(1) Britain's foremost environmental scientist last night launched an outspoken attack on

  5. zephyr says:

    AmdB wrote:
    …..Prof. James Lovelock used to be a good scientist, and a man with lot of imagination, presumably too much. What he is telling now is hardly more than his personal emotion…..
    Perhaps Prof. Lovelock's perspective has expanded over the course of his lifetime to encompass a more holistic view of the situation now before us.
    I personally find it difficult to understand how anyone who is following the literature (not to mention simply paying attention to what is going on out there for the last ten years) can manage to avoid FEELING something in response to the increasing destabilization of our delicately interconnected life-support systems.

  6. Zenon says:

    I come here every day since two years and I still read the same things. There is blood on the walls and we are still throwing names and numbers. The baby is crying and the parent are still shouting at each other, addind to the problem rather than taking real care of it. Ga

  7. danley b wolfe says:

    Help..does anyone know details on the extent to which climate models take into account technological changes in their forecasts: including greater energy / carbon efficiency in existing devices and new devices that wil have step t hgough through changes. On top of that we have onsumer behavior modification if we are sucessful in educating them. The erriciency matter will shift COx emissions by least 35-50% by the mid term term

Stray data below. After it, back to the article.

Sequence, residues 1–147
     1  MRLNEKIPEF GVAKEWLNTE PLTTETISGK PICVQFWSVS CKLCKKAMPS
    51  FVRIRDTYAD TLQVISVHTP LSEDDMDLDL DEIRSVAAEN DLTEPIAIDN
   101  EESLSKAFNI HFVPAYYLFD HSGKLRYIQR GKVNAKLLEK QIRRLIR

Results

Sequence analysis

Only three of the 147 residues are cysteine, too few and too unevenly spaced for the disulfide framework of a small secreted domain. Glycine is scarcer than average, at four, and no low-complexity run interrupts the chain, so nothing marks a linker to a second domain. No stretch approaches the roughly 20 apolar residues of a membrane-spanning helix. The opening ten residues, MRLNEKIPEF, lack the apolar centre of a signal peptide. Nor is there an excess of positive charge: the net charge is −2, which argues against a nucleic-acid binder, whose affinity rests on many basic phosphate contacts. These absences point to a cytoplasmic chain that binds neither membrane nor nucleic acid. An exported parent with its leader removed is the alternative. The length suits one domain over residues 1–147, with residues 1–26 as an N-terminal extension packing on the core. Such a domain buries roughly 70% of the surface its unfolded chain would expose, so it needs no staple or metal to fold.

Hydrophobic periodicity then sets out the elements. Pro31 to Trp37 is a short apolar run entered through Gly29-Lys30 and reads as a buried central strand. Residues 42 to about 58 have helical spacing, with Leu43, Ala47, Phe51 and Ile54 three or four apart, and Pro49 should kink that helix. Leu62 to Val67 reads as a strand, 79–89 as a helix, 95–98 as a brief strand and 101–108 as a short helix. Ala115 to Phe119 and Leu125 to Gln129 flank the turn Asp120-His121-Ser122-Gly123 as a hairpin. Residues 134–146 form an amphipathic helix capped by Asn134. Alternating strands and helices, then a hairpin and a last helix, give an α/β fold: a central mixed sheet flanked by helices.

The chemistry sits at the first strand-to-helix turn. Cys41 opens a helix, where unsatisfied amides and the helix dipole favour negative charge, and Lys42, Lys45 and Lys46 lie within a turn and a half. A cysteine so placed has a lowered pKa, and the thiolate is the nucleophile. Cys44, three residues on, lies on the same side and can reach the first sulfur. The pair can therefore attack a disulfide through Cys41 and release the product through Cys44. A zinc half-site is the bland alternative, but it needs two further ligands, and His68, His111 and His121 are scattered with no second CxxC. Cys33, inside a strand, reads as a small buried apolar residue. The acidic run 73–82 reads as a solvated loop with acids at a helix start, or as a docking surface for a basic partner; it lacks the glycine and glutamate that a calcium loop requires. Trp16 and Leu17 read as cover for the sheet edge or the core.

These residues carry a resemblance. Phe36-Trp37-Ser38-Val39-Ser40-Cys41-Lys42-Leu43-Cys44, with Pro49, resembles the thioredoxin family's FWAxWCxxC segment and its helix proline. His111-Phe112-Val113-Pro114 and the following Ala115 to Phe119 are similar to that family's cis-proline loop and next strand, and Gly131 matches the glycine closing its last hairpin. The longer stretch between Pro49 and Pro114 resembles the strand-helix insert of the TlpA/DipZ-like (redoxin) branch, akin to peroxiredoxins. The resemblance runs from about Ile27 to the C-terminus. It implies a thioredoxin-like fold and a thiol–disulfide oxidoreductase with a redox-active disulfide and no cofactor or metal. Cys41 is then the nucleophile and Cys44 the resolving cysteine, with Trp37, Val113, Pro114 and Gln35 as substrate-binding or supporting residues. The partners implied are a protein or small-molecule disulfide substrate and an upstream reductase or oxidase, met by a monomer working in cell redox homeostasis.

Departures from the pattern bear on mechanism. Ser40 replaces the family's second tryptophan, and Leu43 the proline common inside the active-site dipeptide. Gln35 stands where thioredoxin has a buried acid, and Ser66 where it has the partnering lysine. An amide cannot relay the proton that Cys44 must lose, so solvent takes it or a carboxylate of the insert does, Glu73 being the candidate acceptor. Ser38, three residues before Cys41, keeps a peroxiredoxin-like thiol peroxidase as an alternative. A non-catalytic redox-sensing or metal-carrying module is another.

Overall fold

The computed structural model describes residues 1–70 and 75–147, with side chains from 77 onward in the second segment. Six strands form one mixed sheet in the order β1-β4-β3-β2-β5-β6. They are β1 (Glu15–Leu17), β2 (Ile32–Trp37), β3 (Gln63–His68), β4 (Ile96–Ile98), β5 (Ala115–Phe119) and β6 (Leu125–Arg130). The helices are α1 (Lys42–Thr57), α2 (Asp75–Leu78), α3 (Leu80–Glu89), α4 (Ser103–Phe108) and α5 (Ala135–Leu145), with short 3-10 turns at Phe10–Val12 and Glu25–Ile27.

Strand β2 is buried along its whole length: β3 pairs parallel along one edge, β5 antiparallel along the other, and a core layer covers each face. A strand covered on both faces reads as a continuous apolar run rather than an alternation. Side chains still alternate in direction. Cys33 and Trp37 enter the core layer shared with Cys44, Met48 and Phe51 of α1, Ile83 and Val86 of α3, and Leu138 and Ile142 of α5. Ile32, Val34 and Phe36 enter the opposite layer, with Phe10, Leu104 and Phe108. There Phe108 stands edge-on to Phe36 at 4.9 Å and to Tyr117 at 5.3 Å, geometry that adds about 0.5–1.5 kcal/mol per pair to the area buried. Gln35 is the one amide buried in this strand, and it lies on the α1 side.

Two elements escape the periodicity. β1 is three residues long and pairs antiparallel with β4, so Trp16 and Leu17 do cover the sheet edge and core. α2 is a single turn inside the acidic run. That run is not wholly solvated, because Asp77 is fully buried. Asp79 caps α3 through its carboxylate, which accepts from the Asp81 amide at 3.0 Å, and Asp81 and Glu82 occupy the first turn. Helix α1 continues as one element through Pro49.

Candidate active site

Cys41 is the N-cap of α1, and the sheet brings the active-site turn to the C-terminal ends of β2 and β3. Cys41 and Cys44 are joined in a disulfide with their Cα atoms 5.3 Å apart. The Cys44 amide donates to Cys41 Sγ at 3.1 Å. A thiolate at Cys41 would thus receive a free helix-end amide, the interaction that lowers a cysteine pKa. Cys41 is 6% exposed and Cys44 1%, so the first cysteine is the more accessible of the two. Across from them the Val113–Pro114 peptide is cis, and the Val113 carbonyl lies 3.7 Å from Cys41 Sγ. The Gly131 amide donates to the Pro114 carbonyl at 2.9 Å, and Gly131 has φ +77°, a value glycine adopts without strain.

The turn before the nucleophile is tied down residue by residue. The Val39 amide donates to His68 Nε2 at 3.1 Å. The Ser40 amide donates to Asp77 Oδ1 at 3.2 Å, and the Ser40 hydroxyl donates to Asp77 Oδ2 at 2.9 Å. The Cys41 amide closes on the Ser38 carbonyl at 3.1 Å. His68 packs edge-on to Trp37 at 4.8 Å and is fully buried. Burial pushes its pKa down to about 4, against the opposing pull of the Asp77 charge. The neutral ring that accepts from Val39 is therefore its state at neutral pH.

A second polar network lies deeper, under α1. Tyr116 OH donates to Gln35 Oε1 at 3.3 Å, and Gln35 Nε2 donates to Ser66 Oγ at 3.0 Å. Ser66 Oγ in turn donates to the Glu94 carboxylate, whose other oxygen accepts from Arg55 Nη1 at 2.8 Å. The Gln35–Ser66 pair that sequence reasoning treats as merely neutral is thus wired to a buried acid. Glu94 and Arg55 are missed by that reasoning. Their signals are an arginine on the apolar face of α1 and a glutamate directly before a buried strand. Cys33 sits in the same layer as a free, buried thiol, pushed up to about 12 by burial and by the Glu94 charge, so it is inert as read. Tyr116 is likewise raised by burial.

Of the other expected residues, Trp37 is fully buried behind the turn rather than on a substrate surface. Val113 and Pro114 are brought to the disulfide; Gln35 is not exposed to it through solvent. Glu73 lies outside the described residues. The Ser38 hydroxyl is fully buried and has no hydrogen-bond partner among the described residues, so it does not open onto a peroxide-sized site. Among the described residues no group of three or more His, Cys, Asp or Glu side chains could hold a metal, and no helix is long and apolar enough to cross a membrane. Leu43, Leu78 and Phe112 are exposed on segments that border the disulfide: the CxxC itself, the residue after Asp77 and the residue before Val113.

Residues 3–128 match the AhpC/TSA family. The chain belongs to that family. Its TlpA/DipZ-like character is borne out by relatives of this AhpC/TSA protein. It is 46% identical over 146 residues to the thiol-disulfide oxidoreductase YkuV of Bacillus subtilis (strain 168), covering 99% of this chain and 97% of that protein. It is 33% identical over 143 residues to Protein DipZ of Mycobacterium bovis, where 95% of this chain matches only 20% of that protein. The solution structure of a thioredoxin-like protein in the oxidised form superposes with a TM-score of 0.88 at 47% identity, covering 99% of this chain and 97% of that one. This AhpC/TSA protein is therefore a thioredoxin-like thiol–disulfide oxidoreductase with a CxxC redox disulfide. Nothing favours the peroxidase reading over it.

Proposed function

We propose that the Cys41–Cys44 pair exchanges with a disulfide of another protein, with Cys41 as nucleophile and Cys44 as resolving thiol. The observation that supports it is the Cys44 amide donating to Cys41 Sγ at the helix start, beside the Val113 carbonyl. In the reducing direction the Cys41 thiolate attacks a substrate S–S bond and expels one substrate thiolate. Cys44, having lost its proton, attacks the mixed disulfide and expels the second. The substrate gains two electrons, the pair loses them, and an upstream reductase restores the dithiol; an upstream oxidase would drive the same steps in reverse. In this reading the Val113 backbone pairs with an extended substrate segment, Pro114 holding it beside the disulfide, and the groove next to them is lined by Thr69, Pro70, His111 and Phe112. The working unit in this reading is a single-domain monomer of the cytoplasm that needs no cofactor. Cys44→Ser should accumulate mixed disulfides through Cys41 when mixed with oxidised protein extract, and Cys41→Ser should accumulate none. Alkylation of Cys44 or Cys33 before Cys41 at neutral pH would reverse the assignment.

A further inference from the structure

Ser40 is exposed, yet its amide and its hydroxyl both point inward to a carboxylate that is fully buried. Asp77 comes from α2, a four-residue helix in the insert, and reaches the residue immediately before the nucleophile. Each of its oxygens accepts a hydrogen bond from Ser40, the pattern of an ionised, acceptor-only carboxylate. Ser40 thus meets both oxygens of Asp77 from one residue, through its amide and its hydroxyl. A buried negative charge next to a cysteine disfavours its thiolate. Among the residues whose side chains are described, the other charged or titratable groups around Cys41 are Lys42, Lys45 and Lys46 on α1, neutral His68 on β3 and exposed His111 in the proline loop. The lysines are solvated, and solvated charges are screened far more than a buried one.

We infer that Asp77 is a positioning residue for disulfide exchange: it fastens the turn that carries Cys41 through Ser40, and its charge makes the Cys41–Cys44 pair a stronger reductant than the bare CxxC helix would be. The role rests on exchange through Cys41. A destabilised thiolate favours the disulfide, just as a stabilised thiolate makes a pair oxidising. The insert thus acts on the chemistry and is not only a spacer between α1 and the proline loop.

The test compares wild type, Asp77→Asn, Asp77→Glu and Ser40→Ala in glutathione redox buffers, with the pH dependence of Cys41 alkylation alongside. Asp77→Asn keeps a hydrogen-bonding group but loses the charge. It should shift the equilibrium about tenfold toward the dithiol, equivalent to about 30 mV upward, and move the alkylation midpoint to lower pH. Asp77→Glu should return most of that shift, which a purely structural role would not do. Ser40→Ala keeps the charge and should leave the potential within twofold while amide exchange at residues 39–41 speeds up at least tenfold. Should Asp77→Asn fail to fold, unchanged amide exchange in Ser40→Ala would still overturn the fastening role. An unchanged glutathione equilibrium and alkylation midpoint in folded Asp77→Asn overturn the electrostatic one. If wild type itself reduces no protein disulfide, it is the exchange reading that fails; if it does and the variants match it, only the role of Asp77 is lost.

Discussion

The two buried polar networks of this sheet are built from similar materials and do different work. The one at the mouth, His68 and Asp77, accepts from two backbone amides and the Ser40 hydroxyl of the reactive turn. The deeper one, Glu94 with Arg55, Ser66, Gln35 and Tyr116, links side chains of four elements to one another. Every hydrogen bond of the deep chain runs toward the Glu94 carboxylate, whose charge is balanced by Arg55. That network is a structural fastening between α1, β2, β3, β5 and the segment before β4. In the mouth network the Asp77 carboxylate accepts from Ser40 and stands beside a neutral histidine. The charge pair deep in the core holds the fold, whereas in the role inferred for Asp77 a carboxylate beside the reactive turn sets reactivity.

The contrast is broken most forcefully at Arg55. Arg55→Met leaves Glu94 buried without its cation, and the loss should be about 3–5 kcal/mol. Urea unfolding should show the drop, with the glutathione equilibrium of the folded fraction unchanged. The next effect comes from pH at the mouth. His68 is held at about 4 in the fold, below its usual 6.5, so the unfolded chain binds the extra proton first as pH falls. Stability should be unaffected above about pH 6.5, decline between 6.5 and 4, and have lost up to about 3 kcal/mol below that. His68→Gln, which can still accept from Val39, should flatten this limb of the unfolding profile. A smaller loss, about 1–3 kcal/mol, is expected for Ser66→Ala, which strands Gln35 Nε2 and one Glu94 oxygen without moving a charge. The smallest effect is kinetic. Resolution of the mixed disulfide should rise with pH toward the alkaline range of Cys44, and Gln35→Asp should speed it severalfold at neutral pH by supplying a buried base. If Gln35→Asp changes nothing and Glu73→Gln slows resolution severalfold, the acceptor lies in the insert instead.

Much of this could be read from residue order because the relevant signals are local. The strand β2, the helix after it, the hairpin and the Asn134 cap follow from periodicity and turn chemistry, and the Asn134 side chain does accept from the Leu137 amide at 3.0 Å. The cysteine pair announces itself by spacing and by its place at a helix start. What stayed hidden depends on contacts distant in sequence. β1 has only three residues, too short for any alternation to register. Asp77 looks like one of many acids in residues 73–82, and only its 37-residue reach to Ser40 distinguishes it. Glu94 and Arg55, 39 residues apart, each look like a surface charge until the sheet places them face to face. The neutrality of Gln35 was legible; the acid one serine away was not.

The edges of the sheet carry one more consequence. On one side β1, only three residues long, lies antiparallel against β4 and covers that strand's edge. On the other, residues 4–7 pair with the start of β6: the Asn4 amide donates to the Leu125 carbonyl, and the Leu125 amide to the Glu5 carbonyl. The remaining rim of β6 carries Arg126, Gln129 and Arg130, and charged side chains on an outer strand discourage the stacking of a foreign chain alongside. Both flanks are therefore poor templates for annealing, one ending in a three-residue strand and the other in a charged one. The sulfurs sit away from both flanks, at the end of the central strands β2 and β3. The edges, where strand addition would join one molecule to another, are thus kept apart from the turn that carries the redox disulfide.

Danley Wolfe – Ohio

  8. Patrick says:

    Hello all and good afternoon.
    I would like to say that with the dire predictions being made, even by the most prestigeous science minds in the World, and lack of progress being taken at this time, something is brewing. A great awakening of the people, coming together, formulating ideas, turning into solutions which will drastically take action, far oustanding what is though possible today.
    We will see the greatest revolution ever taken place on this Earth. A revolution not of violence, hate or bloodshed. But one of peace, love, for the Earth. Our only home afterall. And that is the most beautiful part about it. Our home is at stake. And naturally as a species, we will not stay by the dwindling stream until it runs dry, we will adapt, evolve and take action to this matter, and all matters for that matter, and be well again.
    Much sooner than we thought.
    With love
    Patrick and The Earth

  9. Before we can find our way forward to a good enough future for our children in a sustainable world, I suppose we must find a way to organize and maintain SUSTAINABLE COMMUNICATION about the global challenges posed to humanity by the unbridled, skyrocketing growth of the human species and its soon to become patently unsustainable consumption/production activities now overspreading the surface of Earth.

  10. Patrick says:

    Hello all and good day once more, the sun has risen again in the eastern sky!